Hiking the Pfiffner Traverse: Lessons in High-Risk Decision Making
It can’t be denied that people are defined by their passions. Along this line of thought, many outdoor enthusiasts build their lives and shape their self-image around such passions. Yet, as our skill-levels and interests in the outdoors evolve, these changes often coincide with radical reassessments of self-identity. In September 2020, I embarked on a backpacking trip on Colorado’s Pfiffner Traverse that came to redefine my approach to wilderness travel. Even more, the cathartic insights I received through the process of high-risk decision-making on the hike forced a radical reevaluation of my own self-image.
Whether you are dealing with avalanche terrain in backcountry skiing, or planning an off-trail hike through the Rocky Mountains, high-risk decision-making is an intimate process. Therefore, you must approach these scenarios with a calm mind and introspective demeanor. In following this path, you weigh the risks of the planned outing versus your own internal motivators. In the end, this balancing of risk and reward should result in a well-planned trip where you have mitigated the appropriate amount of risk commensurate to your abilities.
My experience on the Piffner Traverse was deeper and more expansive than risk assessment. It actually illuminated my own ego-driven decision-making process. In uncovering these elements in my own psyche, I quickly realized that ego-motivated actions often result in poor decision making – on the trail as well as in life.
Each hiking season, the outdoors community suffers tragic losses due to accidents on the trail. Whether it be a thru-hiker falling to their death on the Pacific Crest Trail (PCT), or a climber perishing on a 14,000 ft peak in Colorado, these scenarios are all-too-familiar. While tragedies are an unfortunate part of the outdoor experience, many of them could be avoided with the application of better decision-making. This risk mitigation process can be further enhanced by an internal awareness of the ego with realizing objectives in outdoor pursuits.
In my own personal experiences, the mantra of “gotta make my miles” pays serious dividends in meeting hiking goals. However, this payout isn’t always matched with proper safety protocol and rational risk-assessment. While I have been able to push through some less-than-ideal conditions when hiking on a trail with the aid of a GPS, this ability quickly disintegrates in more engaging environments. The same can be said about pushing through physical and psychological barriers that need to be heeded on more challenging outings.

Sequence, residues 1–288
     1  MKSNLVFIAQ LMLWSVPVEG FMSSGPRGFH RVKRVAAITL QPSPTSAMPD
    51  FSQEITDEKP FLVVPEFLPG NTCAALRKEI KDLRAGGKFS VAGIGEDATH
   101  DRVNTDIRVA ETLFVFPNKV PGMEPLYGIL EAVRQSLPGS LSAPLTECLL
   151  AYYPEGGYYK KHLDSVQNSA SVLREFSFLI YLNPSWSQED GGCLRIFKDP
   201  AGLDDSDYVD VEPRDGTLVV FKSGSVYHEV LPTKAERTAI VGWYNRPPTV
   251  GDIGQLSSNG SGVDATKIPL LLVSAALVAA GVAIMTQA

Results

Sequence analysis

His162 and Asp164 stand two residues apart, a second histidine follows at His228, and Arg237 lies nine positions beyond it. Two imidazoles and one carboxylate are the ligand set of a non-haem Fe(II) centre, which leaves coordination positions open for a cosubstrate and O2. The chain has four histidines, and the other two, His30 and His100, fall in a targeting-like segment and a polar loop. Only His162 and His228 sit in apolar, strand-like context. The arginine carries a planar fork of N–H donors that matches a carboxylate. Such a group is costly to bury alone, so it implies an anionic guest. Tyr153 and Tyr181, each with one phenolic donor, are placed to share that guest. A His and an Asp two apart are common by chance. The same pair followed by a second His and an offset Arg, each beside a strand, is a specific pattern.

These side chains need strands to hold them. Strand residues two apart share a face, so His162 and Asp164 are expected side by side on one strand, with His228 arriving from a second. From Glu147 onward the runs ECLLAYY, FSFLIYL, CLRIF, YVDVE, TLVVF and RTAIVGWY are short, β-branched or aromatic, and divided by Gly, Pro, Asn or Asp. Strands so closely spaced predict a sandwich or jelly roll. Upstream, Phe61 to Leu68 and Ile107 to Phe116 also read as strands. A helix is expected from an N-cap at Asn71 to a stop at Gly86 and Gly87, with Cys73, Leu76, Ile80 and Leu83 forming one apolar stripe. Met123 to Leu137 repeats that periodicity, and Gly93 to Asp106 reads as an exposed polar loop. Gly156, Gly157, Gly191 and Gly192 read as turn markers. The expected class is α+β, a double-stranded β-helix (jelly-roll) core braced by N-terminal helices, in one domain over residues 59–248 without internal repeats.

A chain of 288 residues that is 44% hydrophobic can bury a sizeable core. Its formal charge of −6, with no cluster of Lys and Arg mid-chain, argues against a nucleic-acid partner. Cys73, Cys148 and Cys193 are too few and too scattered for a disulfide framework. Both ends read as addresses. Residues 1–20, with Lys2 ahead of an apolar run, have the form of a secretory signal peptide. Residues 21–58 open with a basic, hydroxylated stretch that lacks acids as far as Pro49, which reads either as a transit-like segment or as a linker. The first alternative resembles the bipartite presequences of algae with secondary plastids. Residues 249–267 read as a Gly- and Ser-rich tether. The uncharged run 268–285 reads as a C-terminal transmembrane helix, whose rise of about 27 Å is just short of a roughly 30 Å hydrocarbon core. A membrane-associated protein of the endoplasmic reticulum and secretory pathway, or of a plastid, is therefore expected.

My Pfiffner Traverse experience helped me re-envision wilderness travel by introducing a fluid mindset that leads to safer and more fulfilling outdoor experiences.
The Pffiffner Traverse Series on the KCG Content Blog will span 9 weeks and cover my experiences on the hike and how they reshaped my approach to wilderness travel.
Pfiffner Traverse Series on the KCG Content Blog:
- Part 1: Introduction to the Pfiffner Traverse Series
- Part 2: Planning a Pfiffner Traverse Hike
- Part 3: Conditions of the Pfiffner Traverse in September 2020
- Part 4: Risk Assessment in Hiking
- Part 5: The Ambivalence of Mother Nature
- Part 6: Value of a Flexible Hiking Plan
- Part 7: Hiking and the Ego
- Part 8: Hiking and Backcountry Safety
- Part 9: Pfiffner Traverse Trip Conclusion
Next Week in the Series
In next week’s Pfiffner Traverse Series blog post, I will dive into the specifics of Planning a Pfiffner Traverse Hike. The planning process is a critical element of backcountry safety as well as the overall enjoyment of a hike.